Protesters in front of the White House object to Trump’s decision on June 1, 2017. (PAUL J. RICHARDS/AFP/Getty Images)
The world waited with bated breath for U.S. President Donald Trump to announce whether he would move to take the country out of the Paris Accord — a decision that has global ramifications for climate change. Although it’s unlikely to alter the actions already taken to reduce emissions by many of the 190 countries that signed the agreement, the U.S. pullout potentially has a detrimental long-term impact on future talks and commitments. If the second-largest carbon emitter in the world opts out, what’s the incentive for others to stay the course?
In this worrying scenario, it’s more important than ever for other countries to step up, band together and truly commit to collaborating to tackle climate change. China, for example, has stepped up and reiterated its commitment to addressing the issue regardless of what others, including the U.S., may decide to do.
China is still the world’s biggest car market and largest emitter of greenhouse gas but the government has spent years working to change the narrative through policy and action. China evolved from being the focus of the COP15 Copenhagen Accord, to leading the implementation of the COP21 Paris Climate Agreement. Now with another crucial player — the U.S. — withdrawing from the deal, China is poised to become one of the most active countries in addressing climate change.
China’s adherence to the Paris Agreement has generated both real on-ground impact and a symbolic effect. The government recognizes the country’s vulnerability to climate change. Rising sea levels along its eastern coastline is putting at least 145 million people at great risk of flooding, while rampant desertification in the northwest is swallowing several thousand square kilometers of productive soil every year.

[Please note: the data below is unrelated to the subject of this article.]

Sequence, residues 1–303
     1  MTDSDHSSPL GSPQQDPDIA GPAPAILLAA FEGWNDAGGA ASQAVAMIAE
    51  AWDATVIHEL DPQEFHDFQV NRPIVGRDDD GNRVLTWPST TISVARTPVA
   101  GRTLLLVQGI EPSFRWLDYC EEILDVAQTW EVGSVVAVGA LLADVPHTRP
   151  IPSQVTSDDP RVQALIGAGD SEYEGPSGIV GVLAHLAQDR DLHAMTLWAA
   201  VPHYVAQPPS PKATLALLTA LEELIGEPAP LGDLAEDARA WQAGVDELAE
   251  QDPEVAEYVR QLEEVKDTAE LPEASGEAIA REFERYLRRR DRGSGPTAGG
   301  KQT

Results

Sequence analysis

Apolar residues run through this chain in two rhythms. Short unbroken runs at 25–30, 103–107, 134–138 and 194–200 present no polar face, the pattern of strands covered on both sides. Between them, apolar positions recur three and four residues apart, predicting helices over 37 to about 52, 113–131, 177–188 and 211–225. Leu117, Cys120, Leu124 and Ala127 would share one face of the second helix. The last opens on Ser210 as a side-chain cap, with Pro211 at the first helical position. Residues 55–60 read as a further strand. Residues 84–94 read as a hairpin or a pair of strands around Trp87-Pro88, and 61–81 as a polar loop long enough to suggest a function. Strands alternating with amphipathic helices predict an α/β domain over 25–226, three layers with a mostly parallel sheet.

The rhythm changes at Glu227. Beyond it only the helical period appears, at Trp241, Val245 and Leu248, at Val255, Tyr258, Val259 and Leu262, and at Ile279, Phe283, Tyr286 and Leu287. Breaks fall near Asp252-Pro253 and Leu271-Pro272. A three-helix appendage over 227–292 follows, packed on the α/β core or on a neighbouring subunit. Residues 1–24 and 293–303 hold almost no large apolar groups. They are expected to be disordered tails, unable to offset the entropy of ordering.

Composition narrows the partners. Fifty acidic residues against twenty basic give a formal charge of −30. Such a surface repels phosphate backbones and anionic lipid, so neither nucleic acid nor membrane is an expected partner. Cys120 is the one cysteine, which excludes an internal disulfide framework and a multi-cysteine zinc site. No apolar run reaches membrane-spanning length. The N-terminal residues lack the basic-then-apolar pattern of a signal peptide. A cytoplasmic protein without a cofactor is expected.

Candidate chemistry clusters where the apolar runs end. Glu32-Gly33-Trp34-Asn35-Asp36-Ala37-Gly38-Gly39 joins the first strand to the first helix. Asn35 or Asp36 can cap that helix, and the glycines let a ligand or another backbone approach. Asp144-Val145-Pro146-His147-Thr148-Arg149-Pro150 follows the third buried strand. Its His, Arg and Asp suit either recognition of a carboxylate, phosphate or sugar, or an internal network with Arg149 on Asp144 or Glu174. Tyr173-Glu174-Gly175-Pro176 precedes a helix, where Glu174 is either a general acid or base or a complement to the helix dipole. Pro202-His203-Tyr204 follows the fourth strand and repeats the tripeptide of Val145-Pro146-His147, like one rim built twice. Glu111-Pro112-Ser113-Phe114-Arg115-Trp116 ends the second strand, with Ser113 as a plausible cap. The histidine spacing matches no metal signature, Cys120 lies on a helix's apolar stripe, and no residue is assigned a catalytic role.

Morning traffic in heavy smog on January 3, 2017 in Zaozhuang, China. (VCG/VCG via Getty Images)
Equally important, China also recognizes less wealthy neighbors such as Myanmar, India and Laos that are less equipped to deal with climate stresses, as they can lead to potential instability on its borders. The silver lining to the climate cloud is that natural disaster hits everyone equally and therefore motivates collective action like virtually no other problems we face. Imagine, what would happen when hundreds of millions of people living at one meter above sea level in the deltas of the Ganges, Irrawaddy and Mekong rivers are confronted with a two-meter rise in the ocean? This possibility demands a regional and global response. Think humanitarian, equity and security reasons rather than simple environmentalism. We all share the consequences.
Across the world, countries and businesses are feeling the financial impact from climate change, from dangerous levels of air and water pollution in China, to the haze in Indonesia that has affected its neighbors in Southeast Asia. Studies have shown that global warming will cost the world economy more than US$1.95 trillion a year in lost productivity by 2030 . We have all witnessed the multiplier effect brought by climate change – It disrupts supply chains, creates civil disorder and lost productivity, which imposes additional burden on businesses.
Sharing responsibilities and making a bigger impact